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Wondrous Words Wednesday

January 16, 2013

Wondrous Words Wednesday is a weekly meme where you can share new words that you’ve encountered or spotlight words you love.  Feel free to get creative!   If you want to play along, grab the button, write a post and come back and add your link to Mr. Linky!

My words this week come from Freeman by Leonard Pitts, Jr.

1. cognomen – “You asked my cognomen.”

Your cognomen is your surname; especially the third of usually three names borne by a male citizen of ancient Rome.


2. patterollers – “We gon’ go after them patterollers, the two of us?”

This word isn’t in my dictionary but, according to, “Slave patrols (called patrollers, pattyrollers or paddy rollers by the slaves) were organized groups of three to six white men who enforced discipline upon black slaves during the antebellum U.S. southern states.”


What words do you want to celebrate today?

22 Comments leave one →
  1. January 16, 2013 6:02 am

    What great words, it must be an interesting book.

  2. January 16, 2013 6:56 am

    It’s funny to think about how aliens would read that first sentence. Like maybe they would translate “cognomen” as “leader” or “boss” or “parent”!

  3. January 16, 2013 7:02 am

    Interesting ones!

  4. January 16, 2013 9:14 am

    Two very interesting words. Ones we may not have an occasion to use in our everyday world. I like seeing them though, because every once in a while I see them used in another book, and recognize them.

  5. January 16, 2013 10:57 am

    These two words are completely new to me. I expect at somepoint I’ll probably come across patterollers…I wonder iff it’s in “Lincoln”, the movie?…either way I’m glad to know it and what it means since it harkens back to a time in this countries history, albeit not one of our more admirable times.
    Thanks, Kathy!

  6. January 16, 2013 11:11 am

    I’ve never heard “patterollers” before, or “patrollers” either. Interesting word. Cognomen I knew because of all those Latin classes I suffered through back in college. Sorry — all those Latin classes I enjoyed back in college!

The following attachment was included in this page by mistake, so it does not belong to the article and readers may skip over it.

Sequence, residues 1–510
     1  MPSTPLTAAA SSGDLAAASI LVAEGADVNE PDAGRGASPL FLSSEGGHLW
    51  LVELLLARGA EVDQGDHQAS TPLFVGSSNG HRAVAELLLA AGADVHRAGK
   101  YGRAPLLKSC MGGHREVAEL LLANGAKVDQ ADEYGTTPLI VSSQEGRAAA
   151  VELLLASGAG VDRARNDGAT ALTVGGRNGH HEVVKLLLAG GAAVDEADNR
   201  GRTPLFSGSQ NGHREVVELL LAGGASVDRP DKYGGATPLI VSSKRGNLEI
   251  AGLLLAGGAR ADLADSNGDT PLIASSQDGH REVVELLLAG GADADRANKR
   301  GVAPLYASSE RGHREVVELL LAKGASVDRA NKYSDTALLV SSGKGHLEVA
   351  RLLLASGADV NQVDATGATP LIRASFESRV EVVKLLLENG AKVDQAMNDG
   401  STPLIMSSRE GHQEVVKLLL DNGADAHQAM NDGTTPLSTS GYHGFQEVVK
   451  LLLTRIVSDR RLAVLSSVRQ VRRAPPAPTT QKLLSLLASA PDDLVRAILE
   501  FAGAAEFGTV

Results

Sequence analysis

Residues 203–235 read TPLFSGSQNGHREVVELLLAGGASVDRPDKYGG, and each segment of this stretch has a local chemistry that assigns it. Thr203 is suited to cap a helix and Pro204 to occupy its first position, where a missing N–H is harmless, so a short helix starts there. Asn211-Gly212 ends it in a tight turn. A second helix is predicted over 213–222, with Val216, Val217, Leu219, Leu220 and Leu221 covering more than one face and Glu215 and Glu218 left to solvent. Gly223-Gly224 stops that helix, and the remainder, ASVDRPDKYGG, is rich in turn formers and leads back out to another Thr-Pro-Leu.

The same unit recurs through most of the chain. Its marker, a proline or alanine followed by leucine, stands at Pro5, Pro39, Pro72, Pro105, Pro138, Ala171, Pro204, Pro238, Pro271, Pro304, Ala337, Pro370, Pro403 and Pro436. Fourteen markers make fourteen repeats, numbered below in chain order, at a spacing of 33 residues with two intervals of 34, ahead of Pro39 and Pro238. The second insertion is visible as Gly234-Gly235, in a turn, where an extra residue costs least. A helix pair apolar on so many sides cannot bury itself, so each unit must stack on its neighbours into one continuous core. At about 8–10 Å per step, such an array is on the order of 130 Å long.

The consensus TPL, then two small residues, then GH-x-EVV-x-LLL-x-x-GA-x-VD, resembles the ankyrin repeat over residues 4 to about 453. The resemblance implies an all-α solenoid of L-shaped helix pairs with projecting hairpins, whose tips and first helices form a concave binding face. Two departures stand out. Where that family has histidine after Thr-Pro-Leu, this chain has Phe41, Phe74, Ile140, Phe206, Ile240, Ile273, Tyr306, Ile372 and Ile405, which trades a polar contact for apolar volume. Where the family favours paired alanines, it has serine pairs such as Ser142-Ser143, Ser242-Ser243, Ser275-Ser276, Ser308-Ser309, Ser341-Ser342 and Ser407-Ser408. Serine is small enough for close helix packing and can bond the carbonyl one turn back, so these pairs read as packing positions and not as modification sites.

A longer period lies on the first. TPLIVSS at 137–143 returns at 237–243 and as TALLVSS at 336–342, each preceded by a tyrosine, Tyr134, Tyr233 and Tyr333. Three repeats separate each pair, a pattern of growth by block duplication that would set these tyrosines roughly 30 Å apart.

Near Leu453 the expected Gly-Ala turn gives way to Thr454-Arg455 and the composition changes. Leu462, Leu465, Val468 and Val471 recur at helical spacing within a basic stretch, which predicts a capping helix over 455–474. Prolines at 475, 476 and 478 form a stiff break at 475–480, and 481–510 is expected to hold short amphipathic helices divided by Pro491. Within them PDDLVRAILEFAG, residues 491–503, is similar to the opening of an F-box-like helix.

7. January 16, 2013 11:14 am

    I’ve heard of cognomen before, two good words.

  8. January 16, 2013 11:47 am

    I never would have guess the meaning of those two, but the second one makes a lot of sense once given the definition (isn’t that always the way?).

  9. January 16, 2013 12:36 pm

    You stumped me!

  10. January 16, 2013 1:14 pm

    I’ve never heard of either of these words but I can imagine being asked for your ‘cognomen’ in some dystopic future where ‘patterollers’ prowl the streets looking for violators. Thanks for sharing! As far as Amy’s question, I don’t recall hearing the word in Lincoln. Maybe in Django Unchained?

  11. January 16, 2013 2:16 pm

    Cognomen is one of those words that we should make a new name for. Well, maybe there already is one. It would mean a word that could mean absolutely anything. From the sentence the cognomen could mean anything.

  12. January 16, 2013 2:43 pm

    Both words are new to me! Freeman sounds like a heavy book.

  13. January 16, 2013 2:58 pm

    Cool ones

  14. zibilee permalink
    January 16, 2013 4:44 pm

    These are both words that I was not familiar with, and great ones at that! I might have guessed the second one, but never the first!

  15. Patty permalink
    January 16, 2013 8:34 pm

    Hmmm…two quite unusual words!

  16. January 17, 2013 12:07 am

    Both of your words this week are new to me, Kathy!

    Better late than never–I just posted my own WWW. At last! 🙂

  17. January 17, 2013 2:46 am

    both words are new for me… and love the first one..

  18. January 17, 2013 5:42 pm

    More words I’ve never heard before!

  19. January 17, 2013 6:07 pm

    Those are crazy words!! 😀

  20. bookingmama permalink
    January 17, 2013 6:54 pm

    Cognomen makes sense from my old days of Latin class.

  21. January 17, 2013 8:31 pm

    Both are new to me. Cognomen is such an interesting sounding word.

  22. January 18, 2013 6:45 pm

    So much for my history classes on Roman Civilization. I never learned “cognomen”, or perhaps it just fell in the memory hole.

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